One uses a sheet with the stimulus words printed on it and with space opposite each stimulus word for the reaction.2 In a room reasonably free from distracting influences the subject is seated at a distance from the experimenter so as to be unable to see either the printed stimulus words or the reactions as they are recorded. He is instructed to respond to each stimulus word with the first word that comes to his mind other than the stimulus word itself or a mere different grammatical form of it, to respond with one word only and not with a compound word or a sentence or phrase. A few stimulus words not on the list may be given for preliminary practice, the reactions not being recorded; and when it appears that the subject understands the instructions the test may be begun. Should the subject in the course of the test give an unacceptable reaction, it is not put down, but the pertinent instruction is repeated, the test continued, and at the end all the stimulus words thus improperly reacted to and therefore remaining without a recorded reaction are given over again.
1 G. H. Kent and A. J. Rosanoff. A Study of Association in Insanity. Amer. Journ. of Insanity, July and Oct., 1910. - R. S. Woodworth and F. L. Wells. Association Tests. Psychol. Monogr., No. 57, 1911. - F. L. Wells. The Question of Association Types. Psychol. Review, July, 1912. - F. C. Eastman and A. J. Rosanoff. Association in Feeble-Minded and Delinquent Children. Amer. Journ. of Ins., July, 1912. - Isabel R. Rosanoff and A. J. Rosanoff. A Study of Association in Children. Psychol. Review, Jan., 1913. - E. K. Strong, Jr. A Comparison between Experimental Data and Clinical Results in Manic-Depressive Insanity. Amer. Journ. of Psychol., Jan., 1913. - Margaret Otis. A Study of Association in Defectives. Journ. of Educ. Psychol., May, 1915. - Ida Mitchell, Isabel R. Rosanoff, and A. J. Rosanoff. A Study of Association in Negro Children. Psychol. Review, Sept., 1919.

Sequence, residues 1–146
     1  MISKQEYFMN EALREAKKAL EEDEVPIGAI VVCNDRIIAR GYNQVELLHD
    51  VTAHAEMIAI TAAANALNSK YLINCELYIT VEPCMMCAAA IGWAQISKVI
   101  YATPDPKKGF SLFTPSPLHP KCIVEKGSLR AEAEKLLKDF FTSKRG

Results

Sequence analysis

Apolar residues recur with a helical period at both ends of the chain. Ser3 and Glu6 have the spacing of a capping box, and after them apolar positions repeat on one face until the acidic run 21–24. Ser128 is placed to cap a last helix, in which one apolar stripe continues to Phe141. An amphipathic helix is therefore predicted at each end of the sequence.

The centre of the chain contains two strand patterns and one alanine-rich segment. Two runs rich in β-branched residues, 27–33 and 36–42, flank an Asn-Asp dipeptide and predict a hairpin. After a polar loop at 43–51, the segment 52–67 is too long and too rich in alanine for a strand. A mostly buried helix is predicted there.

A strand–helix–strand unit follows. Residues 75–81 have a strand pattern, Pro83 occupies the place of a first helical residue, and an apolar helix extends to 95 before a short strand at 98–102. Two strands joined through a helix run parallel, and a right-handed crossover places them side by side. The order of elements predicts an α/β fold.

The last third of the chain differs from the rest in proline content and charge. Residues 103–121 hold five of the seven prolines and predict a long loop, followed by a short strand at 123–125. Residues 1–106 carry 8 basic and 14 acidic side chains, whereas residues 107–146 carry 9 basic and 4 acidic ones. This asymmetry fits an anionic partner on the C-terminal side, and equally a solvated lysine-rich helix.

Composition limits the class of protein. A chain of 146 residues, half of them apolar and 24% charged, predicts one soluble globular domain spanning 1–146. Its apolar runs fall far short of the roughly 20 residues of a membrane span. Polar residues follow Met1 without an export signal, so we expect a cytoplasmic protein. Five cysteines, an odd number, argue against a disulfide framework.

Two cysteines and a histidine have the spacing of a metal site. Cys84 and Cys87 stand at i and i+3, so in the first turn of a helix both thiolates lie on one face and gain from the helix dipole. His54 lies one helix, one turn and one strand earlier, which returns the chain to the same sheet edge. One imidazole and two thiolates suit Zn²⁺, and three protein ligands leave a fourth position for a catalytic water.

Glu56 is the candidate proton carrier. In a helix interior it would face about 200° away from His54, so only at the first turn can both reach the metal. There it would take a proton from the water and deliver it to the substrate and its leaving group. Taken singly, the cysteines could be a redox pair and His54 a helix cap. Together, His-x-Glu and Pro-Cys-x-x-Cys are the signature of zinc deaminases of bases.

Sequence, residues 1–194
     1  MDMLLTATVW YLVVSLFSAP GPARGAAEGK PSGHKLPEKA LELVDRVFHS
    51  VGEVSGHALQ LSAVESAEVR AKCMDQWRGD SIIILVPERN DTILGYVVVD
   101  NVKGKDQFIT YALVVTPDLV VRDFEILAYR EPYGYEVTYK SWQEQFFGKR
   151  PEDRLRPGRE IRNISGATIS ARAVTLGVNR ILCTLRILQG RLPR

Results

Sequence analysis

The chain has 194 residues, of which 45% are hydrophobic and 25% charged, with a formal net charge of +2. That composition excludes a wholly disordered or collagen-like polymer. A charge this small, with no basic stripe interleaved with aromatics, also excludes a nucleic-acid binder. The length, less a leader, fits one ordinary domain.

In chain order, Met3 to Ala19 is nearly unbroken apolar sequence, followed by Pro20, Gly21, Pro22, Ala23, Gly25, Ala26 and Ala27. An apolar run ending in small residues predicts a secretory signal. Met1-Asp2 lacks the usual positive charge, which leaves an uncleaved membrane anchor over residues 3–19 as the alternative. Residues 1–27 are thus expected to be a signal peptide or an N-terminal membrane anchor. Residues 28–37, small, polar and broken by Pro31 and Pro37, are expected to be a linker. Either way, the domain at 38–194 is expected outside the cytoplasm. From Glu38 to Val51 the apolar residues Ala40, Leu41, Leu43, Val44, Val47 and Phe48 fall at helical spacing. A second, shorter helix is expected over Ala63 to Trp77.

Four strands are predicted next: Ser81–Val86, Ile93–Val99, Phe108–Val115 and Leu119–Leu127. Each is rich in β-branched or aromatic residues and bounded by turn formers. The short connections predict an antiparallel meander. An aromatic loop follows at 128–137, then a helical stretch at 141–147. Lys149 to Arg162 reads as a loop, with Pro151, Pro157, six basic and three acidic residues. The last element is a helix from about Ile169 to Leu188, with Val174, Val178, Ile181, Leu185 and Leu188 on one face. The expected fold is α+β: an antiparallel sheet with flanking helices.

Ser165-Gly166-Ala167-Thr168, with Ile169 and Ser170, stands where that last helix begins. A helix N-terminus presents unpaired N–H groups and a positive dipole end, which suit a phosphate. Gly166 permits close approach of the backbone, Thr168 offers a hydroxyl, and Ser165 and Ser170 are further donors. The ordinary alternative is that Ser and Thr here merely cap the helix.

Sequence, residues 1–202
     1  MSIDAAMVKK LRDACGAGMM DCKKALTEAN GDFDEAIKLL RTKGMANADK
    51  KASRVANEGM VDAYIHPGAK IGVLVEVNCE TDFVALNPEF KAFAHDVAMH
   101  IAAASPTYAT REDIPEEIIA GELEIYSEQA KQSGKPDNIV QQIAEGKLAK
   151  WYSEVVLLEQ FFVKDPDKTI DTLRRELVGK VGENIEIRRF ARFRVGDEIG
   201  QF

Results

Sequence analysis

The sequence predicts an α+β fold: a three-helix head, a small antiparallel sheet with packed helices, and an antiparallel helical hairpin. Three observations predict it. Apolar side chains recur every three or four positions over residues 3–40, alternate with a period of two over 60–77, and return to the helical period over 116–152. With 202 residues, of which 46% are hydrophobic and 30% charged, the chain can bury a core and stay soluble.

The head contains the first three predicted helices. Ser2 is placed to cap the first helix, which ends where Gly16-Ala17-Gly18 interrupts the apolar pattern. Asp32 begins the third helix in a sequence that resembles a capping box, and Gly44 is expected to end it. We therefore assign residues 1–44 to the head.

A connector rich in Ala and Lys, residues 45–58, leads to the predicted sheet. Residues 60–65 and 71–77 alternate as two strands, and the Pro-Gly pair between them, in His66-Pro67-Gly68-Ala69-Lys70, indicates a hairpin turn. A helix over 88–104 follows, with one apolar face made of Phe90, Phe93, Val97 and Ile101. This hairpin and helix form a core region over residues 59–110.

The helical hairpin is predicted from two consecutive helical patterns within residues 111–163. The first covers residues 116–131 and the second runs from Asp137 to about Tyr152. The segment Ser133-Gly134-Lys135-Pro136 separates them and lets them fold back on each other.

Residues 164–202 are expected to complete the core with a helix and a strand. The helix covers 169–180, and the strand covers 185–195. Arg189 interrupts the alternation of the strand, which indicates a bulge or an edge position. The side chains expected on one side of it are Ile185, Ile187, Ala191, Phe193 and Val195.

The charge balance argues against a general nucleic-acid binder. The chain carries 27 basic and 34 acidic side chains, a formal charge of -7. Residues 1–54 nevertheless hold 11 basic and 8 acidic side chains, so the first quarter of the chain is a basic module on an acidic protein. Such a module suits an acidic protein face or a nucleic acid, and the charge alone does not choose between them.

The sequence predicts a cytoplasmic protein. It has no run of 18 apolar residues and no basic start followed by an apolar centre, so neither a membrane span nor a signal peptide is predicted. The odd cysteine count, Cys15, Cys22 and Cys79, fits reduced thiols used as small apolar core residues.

2 Printed forms for this test may be purchased in packages of 25 from The Morningside Press, 417 West 118th Street, New York.
In cases in which it is desired to use the association test for the purpose of detecting pathogenic subconscious ideas or complexes that may be suspected to exist, the examiner's familiarity with the case will suggest to him special stimulus words adapted to the particular case; these stimulus words may be given together with those regularly employed, being introduced, say, after every fifth or every tenth one. In such cases it is also advisable to record in each instance the reaction time in fifths of a second, taken by means of a stop watch; subconscious ideas or complexes are said to be indicated either by abnormal types of reaction or by instances of reaction time much above the average for the individual.
This test has been applied to one thousand normal subjects, and all reactions thus obtained arranged in frequency tables for all the stimulus words. These frequency tables are reprinted below.1